I enjoyed using Flickr very much. Flickr is a great way to search and share photos online, and with the advanced search through CC, it is a great way to find appropriate photos for use in presentations. I can think of tons of ways that we can use this in the classrooms. Presentations are always more interesting when there is visual stimulus as well as text. A picture says 1,000 words right?!
I have quite a few photos uploaded to Flickr...more than the free account will show :) Here is a link to some new family photos that were taken of us by Ms. Buck at Prather Park. http://www.flickr.com/photos/23212519@N08/
Also, the theme I chose to search for photos with CC license was Hawaii. I chose this esteemed topic in eager anticipation of our family vacation coming up next month! Yippee. Here are the photos I found that I liked.
Sunset Beach, Hawaii by Cougar-Studio
Waimea Bay, Hawaii by Shayan
Hawaii surfboard by mrtwism
And just because it made me laugh....
Sumo in Hawaii by hellochris
I enjoyed looking through the mashups for this activity. I like the idea of being able to take the Google maps and overlaying them with photos. This would be a super creative feature to use to generate scrapbook pages from family vacations or trips. It would also be a great application to use in a geography lesson taught in the library. Overlaying pictures of interesting sites and people from different geographic regions on a map would be more visually interesting for the students. This would be a fantastic way to support a multicultural book. By generating a map of where the character in the book is from, then overlaying a photo of the character over the map, the students would get an immediate reference for exactly where the location is. You could even have a task where the students had to match pictures of several book characters to the appropriate area of a map that is home for the characters!
One of the fun links I found was the FlickrChia-Pet. You get to paint the Chia seeds on bald people and watch their green hair grow. How funny! Here is the link: http://www.krazydad.com/defacement/
I also absolutely love BigHugeLabs.com! There are so many ways I use this program to enhance photos and create interesting graphics. I use this program quite a bit to create enhancements for photos that I upload to my school or library webpage.
Creative Commons is a wonderful idea. Even for those of us who are supposed to know all the rules and regulations, copyright can be a very confusing and scary thing! With the technology revolution, it becomes even more complicated. I like the fact that there is a site where I can find media that I know is safe to use. When I was playing around on Creative Commons, I found that I liked searching with SpinXpress. It allowed me to search multiple formats for topics. Here is a widget where you can just type in a topic and it will pull up various media formats for that topic. One problem I did encounter was that I have difficulty finding specific things with the CC site. I learned that I need to be creative and somewhat specific when searching. For instance, I searched for "America the Beautiful MP3" in order to get an MP3 version of the song that is approved for use.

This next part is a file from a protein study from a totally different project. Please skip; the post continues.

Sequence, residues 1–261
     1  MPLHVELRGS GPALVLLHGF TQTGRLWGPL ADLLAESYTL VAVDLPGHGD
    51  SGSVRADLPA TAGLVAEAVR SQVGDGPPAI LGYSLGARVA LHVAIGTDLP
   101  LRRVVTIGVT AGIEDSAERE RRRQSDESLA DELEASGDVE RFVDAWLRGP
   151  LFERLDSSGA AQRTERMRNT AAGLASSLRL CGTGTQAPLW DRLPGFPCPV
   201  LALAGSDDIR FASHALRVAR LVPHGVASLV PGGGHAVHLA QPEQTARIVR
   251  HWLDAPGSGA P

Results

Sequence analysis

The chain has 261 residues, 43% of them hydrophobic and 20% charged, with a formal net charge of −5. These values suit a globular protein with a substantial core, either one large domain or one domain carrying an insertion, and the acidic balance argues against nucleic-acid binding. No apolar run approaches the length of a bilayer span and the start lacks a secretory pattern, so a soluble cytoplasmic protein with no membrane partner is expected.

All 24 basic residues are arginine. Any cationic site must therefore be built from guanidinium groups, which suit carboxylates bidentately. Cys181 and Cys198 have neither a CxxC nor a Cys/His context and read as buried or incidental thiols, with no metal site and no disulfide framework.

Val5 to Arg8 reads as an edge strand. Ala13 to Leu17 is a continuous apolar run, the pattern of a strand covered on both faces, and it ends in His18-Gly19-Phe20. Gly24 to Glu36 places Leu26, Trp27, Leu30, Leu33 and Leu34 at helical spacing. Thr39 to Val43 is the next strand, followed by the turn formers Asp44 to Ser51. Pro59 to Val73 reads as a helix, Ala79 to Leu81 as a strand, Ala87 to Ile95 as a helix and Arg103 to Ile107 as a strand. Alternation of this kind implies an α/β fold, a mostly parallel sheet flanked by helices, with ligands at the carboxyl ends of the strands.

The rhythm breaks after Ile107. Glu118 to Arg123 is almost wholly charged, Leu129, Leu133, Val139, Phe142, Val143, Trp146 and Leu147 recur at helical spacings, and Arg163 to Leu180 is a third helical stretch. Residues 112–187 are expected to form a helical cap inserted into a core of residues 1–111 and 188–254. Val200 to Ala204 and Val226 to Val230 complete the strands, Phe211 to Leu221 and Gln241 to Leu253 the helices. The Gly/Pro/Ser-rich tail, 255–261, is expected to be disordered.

I often use media when preparing presentations, and I encourage the students to do so also. In the future, I will certainly point the students in this direction in order to help them understand how to find acceptable media without violating the copyright laws. I would love to see a database link set up on our school pages that offered students these type of media files in a quick search method. I can easily see how time constraints in the classroom would prevent students from doing this the "proper" way, and they will continue to just use Google Images without any thought to fair use and citations. Yikes!
Overall, this is a useful tool that I will have to remember to come back to when searching for media!
OK. I have to say that all of this blogging and commenting is taking over my life. I get so involved in reading other people's posts that I lose track of time. I chose to go in and make comments on some of the personal interest blogs that I subscribed to having to do with running and nutrition. I read numerous posts from The Diet Blog and left comments that I am looking forward to hearing back on. This unfortunately just continues to feed my addictions.
Speaking of addictions, I read several of The Goddess of YA Literature, and was going to leave comments, but ran into one of the issues discussed in the article for Thing 7. I was met with the decision to leave an anonymous comment or sign up for a Live Journal Account. With the plethora of accounts I currently have, I didn't want to have to sign in or register for another one, so I just left an anonymous comment. I know this is not the desired method, but such is life.
I do think that there is an appropriate way to comment and that it is good netiquette to do so. We all love feedback, and we want to know that we are being "heard". If we are not willing and able to comment and communicate with one another, the whole premise of interactive online communication sort of falls apart doesn't it?! I want meaningful feedback that I can use or at least enjoy; therefore, I try to leave comments that prompt a continuation of the thread on other people's blogs.
Oh the time I can spend getting sucked into RSS feeds and viewing the latest hits on my Google Reader. I have created numerous folders and subscribed to many feeds. I enjoy browsing through the headlines and seeing what hits I have. Here is my Google Reader Blogroll:
The ones that I spent the most time on, were the Flickr interesting photo feed, the YouTube feed (OMG....I can't get enough), and the ask the Sports Dietician feed. What can I say, I feed my addictions :) I also enjoyed looking through Terri Lesesne's Goddess of YA Literature blog. She is a FABULOUS book talker, and I enjoy reading her witty writing style. All in all, I really like the Google Reader and the RSS feeds; however, I have to be selective and careful about when I view it. I have a tendency to get very involved and forget what I am actually supposed to be doing (like work :)) when I start previewing and checking the feeds. I like this format so much more than the newspaper though. I did have an immediate thought about an application at school though. I plan to share this with one of our history teachers who has his students do a huge ongoing project on current events. I can help him show the students how to set up an RSS feed for news articles that have to do with the country on which they are reporting. It is almost cheating to have the current events sent to you instead of having to search for them yourself :)